Colin Campbell: A shift on Confederate monuments

Published 9:55 pm Monday, August 21, 2017

RALEIGH — The days of North Carolina’s many Confederate monuments could be numbered after Gov. Roy Cooper declared war on them — just one day after he chastised protesters who toppled a monument in Durham.

The governor’s announcement that the monuments “should come down” came as a surprise because a 2015 law bans Cooper and local governments from taking down monuments and historical “objects of remembrance.” UNC-Chapel Hill’s Silent Sam and his lesser-known brothers will stay put unless the legislature votes in favor of change.

Cooper called on legislators to repeal the law, and typically such requests from the Democrat prompt a quick jab in response from Republican lawmakers. Not this time. For two days, reporters’ requests for a comment from House Speaker Tim Moore and Senate leader Phil Berger went unanswered.

Berger broke his silence by releasing a lengthy op-ed article, carefully choosing his words to avoid being too inflammatory (President Donald Trump could learn a thing or two from Berger’s approach). The Republican from Rockingham County took the customary swipe at Cooper for being “reactionary and divisive,” but he also made clear that “the white supremacy movement has no place in America.”

As for monument removal, Berger’s article doesn’t appear to rule out the possibility entirely. Senators, he said, “would be hesitant to begin erasing our state and country’s history by replacing that process with a unilateral removal of all monuments with no public discourse.”

But what about a case-by-case removal of monuments by local governments after public hearings? What about moving the monuments to a museum rather than melting them down into scrap metal? Those options could be the seeds of a potential compromise, particularly if the trend of monument removal continues to grow across the country.

In the House, Moore avoided reporters’ questions all week, but one of his top lieutenants, Rep. David Lewis, R-Harnett, made similarly measured comments. Lewis said he had “not heard of a conversation to revisit” the 2015 monument removal ban, but that legislators “continue to have some conversations with the governor on that subject.”

Moderate state Sen. Jeff Tarte, R-Mecklenburg, told the Charlotte Observer it’s “absolutely a conversation that we have to have.”

Public opinion on the monument issue seems to have shifted dramatically since the ban passed the Senate unanimously in April 2015. Even the most liberal Democrats voted yes. But by the time the bill reached the House floor three months later, the vote was split along party lines. During that debate, an African-American legislator said the timing of the bill was “disrespectful” to the victims of the Charleston church shooting, which had happened only a few weeks before.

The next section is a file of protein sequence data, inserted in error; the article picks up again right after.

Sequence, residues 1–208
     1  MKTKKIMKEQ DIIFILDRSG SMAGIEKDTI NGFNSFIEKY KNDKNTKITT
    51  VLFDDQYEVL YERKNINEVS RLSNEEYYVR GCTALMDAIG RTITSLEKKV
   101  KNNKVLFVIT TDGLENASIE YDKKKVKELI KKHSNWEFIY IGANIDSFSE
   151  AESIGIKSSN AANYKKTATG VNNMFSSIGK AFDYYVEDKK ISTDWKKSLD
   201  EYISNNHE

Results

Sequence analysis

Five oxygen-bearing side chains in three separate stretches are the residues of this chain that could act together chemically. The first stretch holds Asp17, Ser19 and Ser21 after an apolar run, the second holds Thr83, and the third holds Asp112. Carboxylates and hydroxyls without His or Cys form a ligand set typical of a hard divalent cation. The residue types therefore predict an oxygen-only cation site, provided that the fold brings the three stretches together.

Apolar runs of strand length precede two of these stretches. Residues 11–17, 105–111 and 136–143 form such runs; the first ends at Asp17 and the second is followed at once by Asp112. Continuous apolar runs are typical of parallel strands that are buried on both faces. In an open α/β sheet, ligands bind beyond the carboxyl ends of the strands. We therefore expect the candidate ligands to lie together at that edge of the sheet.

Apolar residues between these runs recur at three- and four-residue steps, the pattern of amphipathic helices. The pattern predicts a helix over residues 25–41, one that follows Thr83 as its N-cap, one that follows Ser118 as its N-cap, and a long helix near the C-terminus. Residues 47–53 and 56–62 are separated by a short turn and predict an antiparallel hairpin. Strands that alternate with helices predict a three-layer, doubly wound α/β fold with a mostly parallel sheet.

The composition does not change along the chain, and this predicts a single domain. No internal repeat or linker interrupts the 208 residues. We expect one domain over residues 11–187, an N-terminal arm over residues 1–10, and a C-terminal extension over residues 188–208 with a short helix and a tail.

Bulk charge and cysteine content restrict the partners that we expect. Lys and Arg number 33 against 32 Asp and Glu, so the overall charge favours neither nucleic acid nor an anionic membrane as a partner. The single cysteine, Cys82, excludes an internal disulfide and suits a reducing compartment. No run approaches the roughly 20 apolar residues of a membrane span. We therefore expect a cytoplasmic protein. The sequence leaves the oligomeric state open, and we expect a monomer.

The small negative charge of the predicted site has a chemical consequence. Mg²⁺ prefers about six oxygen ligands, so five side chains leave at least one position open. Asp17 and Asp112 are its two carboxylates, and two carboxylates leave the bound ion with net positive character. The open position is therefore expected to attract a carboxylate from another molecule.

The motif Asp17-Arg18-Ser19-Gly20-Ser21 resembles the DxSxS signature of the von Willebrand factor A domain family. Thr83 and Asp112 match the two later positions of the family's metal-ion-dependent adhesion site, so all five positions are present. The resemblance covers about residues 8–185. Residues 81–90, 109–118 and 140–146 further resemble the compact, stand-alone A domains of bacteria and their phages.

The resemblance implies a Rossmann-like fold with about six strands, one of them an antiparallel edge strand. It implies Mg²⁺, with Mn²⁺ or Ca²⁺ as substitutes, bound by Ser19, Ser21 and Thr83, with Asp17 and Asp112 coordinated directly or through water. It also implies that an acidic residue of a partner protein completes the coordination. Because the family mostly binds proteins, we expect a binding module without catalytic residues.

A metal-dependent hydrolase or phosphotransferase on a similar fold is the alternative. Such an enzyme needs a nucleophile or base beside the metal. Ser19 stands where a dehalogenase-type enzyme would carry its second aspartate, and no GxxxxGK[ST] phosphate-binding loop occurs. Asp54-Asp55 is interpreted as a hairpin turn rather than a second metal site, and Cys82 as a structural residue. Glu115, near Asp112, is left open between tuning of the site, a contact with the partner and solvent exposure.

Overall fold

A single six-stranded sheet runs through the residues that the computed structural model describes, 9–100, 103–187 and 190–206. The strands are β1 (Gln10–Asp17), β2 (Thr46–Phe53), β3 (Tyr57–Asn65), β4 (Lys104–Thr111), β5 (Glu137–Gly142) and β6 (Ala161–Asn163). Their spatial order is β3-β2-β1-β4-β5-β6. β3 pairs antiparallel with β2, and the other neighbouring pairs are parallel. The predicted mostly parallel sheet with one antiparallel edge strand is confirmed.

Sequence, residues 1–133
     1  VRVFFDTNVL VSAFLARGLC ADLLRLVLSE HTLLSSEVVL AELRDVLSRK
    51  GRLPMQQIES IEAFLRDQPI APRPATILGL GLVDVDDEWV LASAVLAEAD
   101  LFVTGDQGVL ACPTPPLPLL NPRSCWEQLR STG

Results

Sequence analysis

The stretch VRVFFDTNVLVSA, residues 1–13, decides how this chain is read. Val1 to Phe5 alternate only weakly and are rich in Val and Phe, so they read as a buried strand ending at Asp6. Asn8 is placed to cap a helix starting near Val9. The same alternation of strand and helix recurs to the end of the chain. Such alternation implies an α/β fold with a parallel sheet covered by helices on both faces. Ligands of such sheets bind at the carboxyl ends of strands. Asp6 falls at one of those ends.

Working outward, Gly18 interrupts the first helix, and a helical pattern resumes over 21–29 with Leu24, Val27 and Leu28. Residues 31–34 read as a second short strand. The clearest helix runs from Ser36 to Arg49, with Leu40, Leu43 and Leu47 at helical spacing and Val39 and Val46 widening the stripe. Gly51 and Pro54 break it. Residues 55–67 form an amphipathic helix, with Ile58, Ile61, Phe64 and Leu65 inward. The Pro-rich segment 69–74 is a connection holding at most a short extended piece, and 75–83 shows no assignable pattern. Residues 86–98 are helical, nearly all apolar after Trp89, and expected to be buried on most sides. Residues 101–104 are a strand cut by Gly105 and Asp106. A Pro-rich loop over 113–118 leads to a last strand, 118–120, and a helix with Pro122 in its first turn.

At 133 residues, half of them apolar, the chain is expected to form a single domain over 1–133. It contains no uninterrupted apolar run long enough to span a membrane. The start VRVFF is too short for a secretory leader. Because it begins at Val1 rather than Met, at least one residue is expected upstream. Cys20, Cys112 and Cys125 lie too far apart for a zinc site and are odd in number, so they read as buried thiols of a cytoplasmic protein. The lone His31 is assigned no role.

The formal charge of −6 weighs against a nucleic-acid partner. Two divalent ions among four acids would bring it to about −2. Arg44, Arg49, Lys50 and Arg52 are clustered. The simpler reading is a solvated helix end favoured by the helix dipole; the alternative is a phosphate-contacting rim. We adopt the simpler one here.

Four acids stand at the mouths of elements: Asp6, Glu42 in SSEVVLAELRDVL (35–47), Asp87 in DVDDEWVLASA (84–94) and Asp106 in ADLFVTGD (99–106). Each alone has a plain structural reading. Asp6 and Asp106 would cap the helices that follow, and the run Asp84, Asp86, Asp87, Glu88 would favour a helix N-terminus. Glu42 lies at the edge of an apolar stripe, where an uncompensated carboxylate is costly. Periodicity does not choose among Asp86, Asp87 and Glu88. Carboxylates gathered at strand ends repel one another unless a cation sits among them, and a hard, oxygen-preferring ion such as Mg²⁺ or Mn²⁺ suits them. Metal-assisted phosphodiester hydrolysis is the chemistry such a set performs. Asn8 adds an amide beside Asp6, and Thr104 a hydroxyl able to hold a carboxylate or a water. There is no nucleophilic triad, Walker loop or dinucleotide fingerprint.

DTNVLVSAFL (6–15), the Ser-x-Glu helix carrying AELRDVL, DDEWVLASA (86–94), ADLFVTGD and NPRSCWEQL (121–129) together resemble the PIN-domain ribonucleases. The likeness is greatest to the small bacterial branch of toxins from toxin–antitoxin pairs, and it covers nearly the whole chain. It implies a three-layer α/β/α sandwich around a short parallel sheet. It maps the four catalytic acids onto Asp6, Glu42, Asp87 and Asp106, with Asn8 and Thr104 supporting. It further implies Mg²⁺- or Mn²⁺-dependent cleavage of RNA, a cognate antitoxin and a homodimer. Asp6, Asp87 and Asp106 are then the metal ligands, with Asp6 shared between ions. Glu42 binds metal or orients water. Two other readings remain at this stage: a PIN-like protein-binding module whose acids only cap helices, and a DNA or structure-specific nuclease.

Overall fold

Supporters of the bill noted that lawmakers could still propose legislation that would remove individual monuments at the request of local leaders. But in the two years the law has been on the books, no one has filed a monument removal bill.

That’s likely to change. Beyond the state’s liberal enclaves like Durham, residents of smaller towns like Rocky Mount and Windsor have approached their local leaders this month about removing monuments there.

Local monument bills will leave legislative leaders with a choice: Give city councils and county commissions the power to make change in their communities, or accept that the protests and divisive debates will occur one-by-one at the General Assembly.

And even if lawmakers decided to back Cooper’s position, plenty of questions remain unanswered about what would happen next. Cooper’s office doesn’t yet have a list of which monuments the governor is interested in removing.

Sure, there’s the obvious ones like the tall “To Our Confederate Dead” memorial that looms over the state Capitol, but what about the individual statues of men who fought for the Confederacy? Many of them, like post-Civil War Gov. Zebulon Vance, also represent other aspects of the state’s history. And then there’s the statue of Gov. Charles B. Aycock, a white supremacist who was only a child during the Civil War.

It’s a difficult subject without easy answers, but the tumultuous week following the white supremacist violence in Charlottesville, Va., shows the topic isn’t going away.

Colin Campbell is editor of the Insider State Government News Service.